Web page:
Ray Boss, father, husband, and track official, passed away on Monday, February 13, 2017, as a result of a heart
Arrangements will be held at Derwood Alliance Church, 16501 Redland Road, as follows:
Visitation: Sunday, February 19 - 2:00-5:00 p.m.
Memorial Service: Monday, February 20 - 11:00 a.m.
By: Kevin Milsted
I sought out stories and comments from officials, coaches, and former athletes. The responses were astounding
in quantity and quality. Please excuse the great length of this tribute article. So many people had so much to
The Commissioner of track and field officials has two primary
duties: 1. Ensure adequate staffing is assigned to officiate local track meets (in this case usually MCPS dual
meets, the county championship meet, and usually regional meets and some invitationals); and 2. Ensure track &
field officials are adequately trained and certified. As an extension of those duties, the commissioner also
strives to recruit new officials, and of course, the commissioner has always been an official himself and is
often assigned the duty of meet referee, the highest authority at any given meet. Ray Boss embraced all of those
duties, but in many ways, he rose above and beyond the call of duty.
Ray Boss created a new duty upon assuming the role of Commissioner of Officials for Montgomery County Track &
Field in 2014. He created an annual award for track & field officials and named it in Jim Vollmer's honor after
the previous commissioner of 30+ years tragically passed away. Boss believed that track & field officials should
stay in the background as much as possible, but once annually, he wanted to honor an official who went above and
beyond what was required of him or her.
Moments before he presented the Official of the Year Award in 2016, he told the crowd in attendance what the
requirements were to win the award. In hindsight, everyone agreed that Ray unknowingly described himself that
"Ray exemplified those things," said fellow track official Warren House. "Those four or five things he said that
day - that described Ray's participation in track & field to the 'T'."
First and foremost: "Know your event. Know your craft," Ray said at last June's end-of-season track & field
"You have to be a team player," he said. He described how some officials traveled to far off regions of the state
on short notice.
Lastly and most importantly, he believed that the best officials dealt with athletes and coaches with fairness
"You have to enjoy high school kids," he said in 2016. "We're there to officiate and make sure everything is
fair. But there is a right way to do that and a wrong way to do that."
It was this last point for which Ray was best known. Over the last three days since the news of Ray's passing, I
have been innundated with stories in which Ray not only executed his duties as an official respectfully, he also
freely spoke to athletes of all ability levels to offer encouragement and kindness.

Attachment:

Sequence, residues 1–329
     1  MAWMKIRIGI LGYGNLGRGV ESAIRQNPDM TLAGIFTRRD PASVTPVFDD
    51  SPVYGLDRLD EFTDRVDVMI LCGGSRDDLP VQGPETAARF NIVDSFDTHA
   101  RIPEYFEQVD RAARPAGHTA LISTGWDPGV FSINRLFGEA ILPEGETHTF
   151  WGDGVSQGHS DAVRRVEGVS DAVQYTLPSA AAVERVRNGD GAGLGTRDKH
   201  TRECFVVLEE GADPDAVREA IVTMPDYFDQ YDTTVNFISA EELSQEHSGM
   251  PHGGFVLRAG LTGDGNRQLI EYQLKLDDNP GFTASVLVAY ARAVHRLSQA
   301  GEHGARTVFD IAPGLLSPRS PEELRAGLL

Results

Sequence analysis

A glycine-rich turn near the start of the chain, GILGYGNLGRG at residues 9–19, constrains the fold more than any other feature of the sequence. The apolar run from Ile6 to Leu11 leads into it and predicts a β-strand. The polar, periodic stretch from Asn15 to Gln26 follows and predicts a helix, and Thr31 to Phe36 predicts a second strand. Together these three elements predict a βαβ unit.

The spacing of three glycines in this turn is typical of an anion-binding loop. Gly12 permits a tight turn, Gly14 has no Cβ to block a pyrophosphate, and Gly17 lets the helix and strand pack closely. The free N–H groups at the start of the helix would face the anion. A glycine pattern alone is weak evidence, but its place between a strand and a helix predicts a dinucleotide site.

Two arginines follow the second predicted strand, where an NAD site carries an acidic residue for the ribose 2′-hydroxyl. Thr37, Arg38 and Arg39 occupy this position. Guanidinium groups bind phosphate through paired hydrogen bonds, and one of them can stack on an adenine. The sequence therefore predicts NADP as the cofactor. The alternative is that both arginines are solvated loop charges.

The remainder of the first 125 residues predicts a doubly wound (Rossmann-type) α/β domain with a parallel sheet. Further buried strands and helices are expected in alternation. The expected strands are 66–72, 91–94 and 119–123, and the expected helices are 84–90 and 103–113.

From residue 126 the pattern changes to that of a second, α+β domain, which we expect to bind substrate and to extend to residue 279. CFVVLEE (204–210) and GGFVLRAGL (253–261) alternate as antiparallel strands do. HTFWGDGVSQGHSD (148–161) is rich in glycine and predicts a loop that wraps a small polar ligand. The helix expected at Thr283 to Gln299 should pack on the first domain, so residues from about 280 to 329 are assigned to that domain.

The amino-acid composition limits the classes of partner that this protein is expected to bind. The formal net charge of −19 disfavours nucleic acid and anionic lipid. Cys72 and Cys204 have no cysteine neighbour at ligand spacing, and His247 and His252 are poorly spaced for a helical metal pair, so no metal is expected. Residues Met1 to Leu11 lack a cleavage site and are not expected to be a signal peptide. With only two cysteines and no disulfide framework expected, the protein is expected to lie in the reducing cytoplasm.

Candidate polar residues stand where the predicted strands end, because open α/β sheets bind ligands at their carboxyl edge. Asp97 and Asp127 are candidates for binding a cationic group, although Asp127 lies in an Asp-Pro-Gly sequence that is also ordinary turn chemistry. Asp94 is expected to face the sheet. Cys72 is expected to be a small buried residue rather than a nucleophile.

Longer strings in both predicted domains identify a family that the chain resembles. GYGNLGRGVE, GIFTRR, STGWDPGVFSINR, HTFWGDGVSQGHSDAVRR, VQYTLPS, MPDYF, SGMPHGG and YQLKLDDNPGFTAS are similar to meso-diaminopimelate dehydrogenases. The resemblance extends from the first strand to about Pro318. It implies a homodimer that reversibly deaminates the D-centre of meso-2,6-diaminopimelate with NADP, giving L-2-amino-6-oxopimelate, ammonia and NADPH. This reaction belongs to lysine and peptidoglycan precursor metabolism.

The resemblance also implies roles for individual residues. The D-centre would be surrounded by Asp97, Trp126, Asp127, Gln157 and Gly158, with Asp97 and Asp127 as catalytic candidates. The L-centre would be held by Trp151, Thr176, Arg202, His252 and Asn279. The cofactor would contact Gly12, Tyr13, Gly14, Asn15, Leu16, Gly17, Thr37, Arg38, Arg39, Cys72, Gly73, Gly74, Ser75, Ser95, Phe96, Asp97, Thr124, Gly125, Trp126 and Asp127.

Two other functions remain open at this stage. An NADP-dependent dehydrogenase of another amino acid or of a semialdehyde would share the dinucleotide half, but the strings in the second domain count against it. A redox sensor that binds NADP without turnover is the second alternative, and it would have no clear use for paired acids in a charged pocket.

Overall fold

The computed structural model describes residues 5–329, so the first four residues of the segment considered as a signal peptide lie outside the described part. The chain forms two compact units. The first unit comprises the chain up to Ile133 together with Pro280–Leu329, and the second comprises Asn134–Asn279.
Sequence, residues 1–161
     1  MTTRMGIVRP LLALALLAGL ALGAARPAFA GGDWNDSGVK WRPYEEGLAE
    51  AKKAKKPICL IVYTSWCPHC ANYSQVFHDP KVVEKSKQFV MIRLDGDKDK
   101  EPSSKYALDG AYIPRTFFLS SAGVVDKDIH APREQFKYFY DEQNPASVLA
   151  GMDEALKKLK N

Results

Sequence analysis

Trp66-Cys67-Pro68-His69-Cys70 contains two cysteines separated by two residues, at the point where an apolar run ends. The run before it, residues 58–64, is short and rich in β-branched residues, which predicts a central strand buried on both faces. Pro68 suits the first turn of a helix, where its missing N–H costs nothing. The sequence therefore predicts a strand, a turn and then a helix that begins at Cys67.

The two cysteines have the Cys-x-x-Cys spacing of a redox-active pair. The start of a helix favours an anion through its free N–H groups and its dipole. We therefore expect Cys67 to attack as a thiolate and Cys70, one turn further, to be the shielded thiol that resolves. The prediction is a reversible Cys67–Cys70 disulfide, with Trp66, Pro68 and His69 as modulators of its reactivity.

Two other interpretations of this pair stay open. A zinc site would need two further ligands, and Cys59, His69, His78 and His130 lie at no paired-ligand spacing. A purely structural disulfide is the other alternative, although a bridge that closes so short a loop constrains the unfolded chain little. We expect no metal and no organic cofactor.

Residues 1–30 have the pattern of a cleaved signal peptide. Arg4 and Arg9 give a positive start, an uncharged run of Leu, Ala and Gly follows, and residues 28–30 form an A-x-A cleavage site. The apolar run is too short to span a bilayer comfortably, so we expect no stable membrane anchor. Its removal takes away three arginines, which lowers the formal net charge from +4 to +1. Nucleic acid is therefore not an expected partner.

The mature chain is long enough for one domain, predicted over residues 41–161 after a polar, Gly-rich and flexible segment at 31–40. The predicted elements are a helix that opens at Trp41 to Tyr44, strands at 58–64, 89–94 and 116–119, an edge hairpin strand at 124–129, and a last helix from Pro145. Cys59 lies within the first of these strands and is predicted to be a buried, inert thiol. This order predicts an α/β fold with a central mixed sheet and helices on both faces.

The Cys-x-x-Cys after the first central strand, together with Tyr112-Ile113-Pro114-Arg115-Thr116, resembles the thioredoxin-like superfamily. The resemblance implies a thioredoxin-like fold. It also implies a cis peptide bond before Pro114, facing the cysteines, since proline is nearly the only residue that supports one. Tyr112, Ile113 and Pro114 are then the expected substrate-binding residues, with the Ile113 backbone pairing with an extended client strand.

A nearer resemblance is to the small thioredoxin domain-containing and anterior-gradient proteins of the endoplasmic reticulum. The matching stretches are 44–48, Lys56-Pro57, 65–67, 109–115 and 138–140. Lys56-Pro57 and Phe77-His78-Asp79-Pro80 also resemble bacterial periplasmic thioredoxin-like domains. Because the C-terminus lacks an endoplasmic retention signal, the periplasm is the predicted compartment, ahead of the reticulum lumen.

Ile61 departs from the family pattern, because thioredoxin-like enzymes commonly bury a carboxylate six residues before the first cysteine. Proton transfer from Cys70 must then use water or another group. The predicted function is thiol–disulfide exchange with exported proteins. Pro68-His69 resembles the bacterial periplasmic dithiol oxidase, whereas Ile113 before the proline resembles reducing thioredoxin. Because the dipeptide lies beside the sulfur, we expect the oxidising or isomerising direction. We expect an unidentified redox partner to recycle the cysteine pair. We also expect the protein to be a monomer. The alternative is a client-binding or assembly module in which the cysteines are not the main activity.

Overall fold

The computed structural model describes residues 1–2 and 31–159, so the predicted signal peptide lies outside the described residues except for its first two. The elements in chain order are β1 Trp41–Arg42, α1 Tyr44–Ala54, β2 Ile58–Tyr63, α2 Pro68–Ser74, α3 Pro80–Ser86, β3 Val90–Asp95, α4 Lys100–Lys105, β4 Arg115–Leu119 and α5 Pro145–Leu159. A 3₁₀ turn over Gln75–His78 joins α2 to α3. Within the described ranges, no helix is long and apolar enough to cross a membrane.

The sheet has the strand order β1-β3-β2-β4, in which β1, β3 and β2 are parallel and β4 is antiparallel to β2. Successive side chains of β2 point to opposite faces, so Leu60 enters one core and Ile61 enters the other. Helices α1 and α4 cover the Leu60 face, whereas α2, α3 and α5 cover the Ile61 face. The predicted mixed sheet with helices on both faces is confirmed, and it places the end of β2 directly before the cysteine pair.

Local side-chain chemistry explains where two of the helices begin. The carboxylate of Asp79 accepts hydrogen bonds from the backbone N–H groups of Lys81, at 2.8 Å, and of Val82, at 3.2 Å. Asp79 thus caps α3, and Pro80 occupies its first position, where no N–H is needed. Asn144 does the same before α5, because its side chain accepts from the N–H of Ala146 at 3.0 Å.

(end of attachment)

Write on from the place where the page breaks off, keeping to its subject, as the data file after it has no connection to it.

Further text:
"We are not supposed to care who wins," he rightfully told me once.
He probably did not care who won, but he cared about people. He cared about track. He silently rooted for
improvement and amazing performances. His devotion to officiating landed him a front row ticket to more amazing
accomplishments on the track than probably anyone in Maryland over the last two decades.
"There are certain performances throughout the years that we remember," said House.
House touted nearly a dozen MoCo track athletes off the top of his head in a phone interview. He knew their high
school, collegiate, and post-collegiate accomplishments, driving home the point that track officials are closet
"We would talk about those things. We would follow kids and keep track of the kids...the kids have been
absolutely amazing from our perspective...Ray was such a friend. All the coaches knew him and respected him. It's
hard to imagine Ray won't be there."
Ray told me once that he got involved with track when his
children got involved with track in high school in the 1990's, but later I found out that that was not the whole
truth. While exploring high school cross country coverage from a 1973 edition of the Montgomery Sentinel (printed
long before I was born), I noticed that the writer was Ray Boss. The young writer hinted that he was an outsider
to the sport, but he was enthusiastic in his praise for young runners and particularly young ladies who were just
beginning to be allowed to compete in high school sports. Ray forged a career as a real estate agent and not a
writer, but I again felt further connected with him after uncovering his early days as a young sports
Ray began the tradition of hosting guest awards presenters at the Montgomery County cross country championship
meet. He strived to bring back former MoCo state champions or the occasional war hero or pseudo-celebrity to shake hands with MoCo's top 10 XC runners. Why
would he do that? Officials are paid a small fee and are free to go home after the competition, but Ray wanted to
enhance the experience for the kids. It had nothing to do with his role as meet referee and almost nobody knows
that he was the force behind it.
I can't remember the first time that Ray spoke to me, but I am sure that it was he who spoke first. Referees and
umpires are not typically part of sports coverage unless there is a blown call, but through Ray, I learned that